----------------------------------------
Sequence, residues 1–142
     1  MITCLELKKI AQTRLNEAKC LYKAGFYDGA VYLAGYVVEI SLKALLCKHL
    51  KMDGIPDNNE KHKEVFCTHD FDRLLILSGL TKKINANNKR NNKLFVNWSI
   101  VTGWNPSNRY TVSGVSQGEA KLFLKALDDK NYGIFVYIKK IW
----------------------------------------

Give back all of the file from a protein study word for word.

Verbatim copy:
Sequence, residues 1–142
     1  MITCLELKKI AQTRLNEAKC LYKAGFYDGA VYLAGYVVEI SLKALLCKHL
    51  KMDGIPDNNE KHKEVFCTHD FDRLLILSGL TKKINANNKR NNKLFVNWSI
   101  VTGWNPSNRY TVSGVSQGEA KLFLKALDDK NYGIFVYIKK IW